San Miniato al Monte

Giovanni Stradano Palazzo Vecchio 1558      La Veduta della Catena
San Minato al Monte       Siege of Florence google art project 

Giovanni Stradano 'Siege of Florence' Palazzo Vecchio 1558

San Minato al Monte remote view       Aerial

San Minato al Monte remote view Florence
photos: Sailko and aerial: Neil

St. Miniatus

As we can gather from its name, the church was built atop a hill. The location was not entirely incidental if we go by the stories. St. Minias (or St. Miniatus)  was executed in 250 AD by command of Roman emperor Decius. His saintly head rolled from his shoulders, but lo and behold: Minias simply gathered up his own head and walked up the Mons Florentinus. This is where he uttered the memorable words: this is where I want to be buried. A church was built around his grave in the third or fourth century. In 1018, bishop Hildebrand ordered to have the church rebuilt. The bones of Minias (or Miniatus) lie beneath the altar in the crypts. 

St. Miniatus painting
Bonnefantenmuseum, Maastricht

The crypt

San Miniato al Monte: crypt
photo: Rufus47

San Minato al Monte

It would take another two centuries for the church to be completed. Although the church is of Roman design, many in the Renaissance believed it to be a truly classic building. This applied similarly to the Baptistery of Florence.

The stairs

The stairs San Miniato al Monte
photo: jean louis maziere

San Miniato al Monte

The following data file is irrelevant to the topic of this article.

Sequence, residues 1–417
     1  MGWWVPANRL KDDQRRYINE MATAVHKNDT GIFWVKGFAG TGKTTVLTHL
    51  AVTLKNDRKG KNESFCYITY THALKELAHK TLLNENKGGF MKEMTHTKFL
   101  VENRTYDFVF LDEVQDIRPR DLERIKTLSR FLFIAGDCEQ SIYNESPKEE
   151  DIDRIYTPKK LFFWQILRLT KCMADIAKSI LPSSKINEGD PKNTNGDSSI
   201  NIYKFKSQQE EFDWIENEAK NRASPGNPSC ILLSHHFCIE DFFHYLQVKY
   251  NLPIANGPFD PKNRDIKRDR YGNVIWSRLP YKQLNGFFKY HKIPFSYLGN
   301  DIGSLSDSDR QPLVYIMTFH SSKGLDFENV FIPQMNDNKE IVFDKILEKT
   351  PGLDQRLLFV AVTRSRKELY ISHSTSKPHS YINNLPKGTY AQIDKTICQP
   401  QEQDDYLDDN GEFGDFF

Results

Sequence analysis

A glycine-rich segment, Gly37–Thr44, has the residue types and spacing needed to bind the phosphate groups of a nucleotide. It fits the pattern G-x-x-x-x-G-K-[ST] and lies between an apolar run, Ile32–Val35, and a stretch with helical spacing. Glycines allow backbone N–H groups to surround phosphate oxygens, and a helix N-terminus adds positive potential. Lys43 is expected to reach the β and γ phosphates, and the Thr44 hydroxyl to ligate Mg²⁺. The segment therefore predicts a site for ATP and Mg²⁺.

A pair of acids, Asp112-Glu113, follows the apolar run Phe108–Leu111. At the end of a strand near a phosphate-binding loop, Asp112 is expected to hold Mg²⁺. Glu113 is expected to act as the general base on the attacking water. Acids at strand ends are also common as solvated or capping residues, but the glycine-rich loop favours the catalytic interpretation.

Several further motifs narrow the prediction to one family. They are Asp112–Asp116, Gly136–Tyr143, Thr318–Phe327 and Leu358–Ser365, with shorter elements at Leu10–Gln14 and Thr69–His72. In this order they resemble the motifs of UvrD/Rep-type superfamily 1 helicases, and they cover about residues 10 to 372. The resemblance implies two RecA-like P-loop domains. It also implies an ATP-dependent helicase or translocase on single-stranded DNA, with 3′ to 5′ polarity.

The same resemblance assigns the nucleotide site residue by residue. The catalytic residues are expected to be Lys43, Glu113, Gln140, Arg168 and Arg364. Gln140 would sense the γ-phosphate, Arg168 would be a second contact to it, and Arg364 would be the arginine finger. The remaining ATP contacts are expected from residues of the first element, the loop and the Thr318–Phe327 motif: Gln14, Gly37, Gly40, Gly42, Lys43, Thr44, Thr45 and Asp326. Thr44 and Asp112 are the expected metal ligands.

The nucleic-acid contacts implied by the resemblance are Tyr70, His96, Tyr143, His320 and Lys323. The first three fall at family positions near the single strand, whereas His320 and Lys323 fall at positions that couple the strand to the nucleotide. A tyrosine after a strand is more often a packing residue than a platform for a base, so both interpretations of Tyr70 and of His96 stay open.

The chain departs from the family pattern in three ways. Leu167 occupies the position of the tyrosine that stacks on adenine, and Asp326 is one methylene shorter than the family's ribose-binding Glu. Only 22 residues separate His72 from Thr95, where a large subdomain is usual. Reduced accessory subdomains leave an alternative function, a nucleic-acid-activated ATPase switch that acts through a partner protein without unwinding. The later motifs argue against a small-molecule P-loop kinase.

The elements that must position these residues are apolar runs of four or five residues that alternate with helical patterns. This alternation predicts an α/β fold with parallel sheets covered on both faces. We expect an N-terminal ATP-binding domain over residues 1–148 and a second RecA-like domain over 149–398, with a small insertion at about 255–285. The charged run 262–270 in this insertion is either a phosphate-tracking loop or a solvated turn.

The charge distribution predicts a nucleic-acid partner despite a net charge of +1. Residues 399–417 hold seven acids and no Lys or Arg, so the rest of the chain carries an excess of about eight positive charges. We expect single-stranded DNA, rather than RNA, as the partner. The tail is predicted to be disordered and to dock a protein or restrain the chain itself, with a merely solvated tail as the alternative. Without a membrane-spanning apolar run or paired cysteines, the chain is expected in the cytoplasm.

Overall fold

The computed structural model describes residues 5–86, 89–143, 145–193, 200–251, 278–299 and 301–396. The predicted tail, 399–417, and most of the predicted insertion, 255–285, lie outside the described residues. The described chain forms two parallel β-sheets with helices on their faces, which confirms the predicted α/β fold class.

San Miniato al Monte facade
photo: Rufus46

Facade of the San Miniato al Monte

Facade San Miniato       Upper part

Facade San Miniato  al Monte
photo upper part: Charles JACQUES

The facade of the San Miniato, like the back wall at the apse, has five blind arches with similar panels.


San Minato al Monte: Apse interior

The facade, too, like in the church, makes heavy use of multi-coloured marble. Not entirely unsurprising given how the city has many marble quarries nearby. The high centre-piece of the facade reflects the high nave and covers three blind arches. Behind the two outer most arches are the aisles. The bottom part of the facade has a clear horizontal accent and is closed off with an entablature.

The Eagle

Above it, in the centre, a square rises up showing an aedicula around a window. Above this window is a mosaic. Naturally, this mosaic from circa 1260 depicts St. Minias next to Mary and Christ. The facade is crowned with an eagle. It was the guild’s symbol, the Calimala, which since 1228 supervised the construction of this church.

San Miniato al Monte: Eagle
Photo: Benjamín Núñez González

Triangles with coloured marble mark the transition from the low aisles to the higher centre-part. This is akin to what Alberti would later apply to the Santa Maria Novella, namely volutes. The centre has a triangular closure: a pediment divided into planes and with different colour marble inlays. The part in the middle of the facade above the three blind arches is an interpretation of a classic temple pediment. Like the interior, the facade has a rather classic look to it. But at closer inspection you will see a number of statues at the facade, including gargoyles, that reveal the Roman nature of this church. In addition, there are a number of mistakes that a classical architect would never make. For instance, as with the Baptistery, the architrave has been curved to the left and right of the mosaic. Moreover, the recesses at the lower part of the fluting in the pilasters have been filled up. In Antiquity, this was only done on the ground floor to protect the vulnerable area where the two recesses convene. The height at which it is applied in the facade of the San Miniato makes it a meaningless endeavour.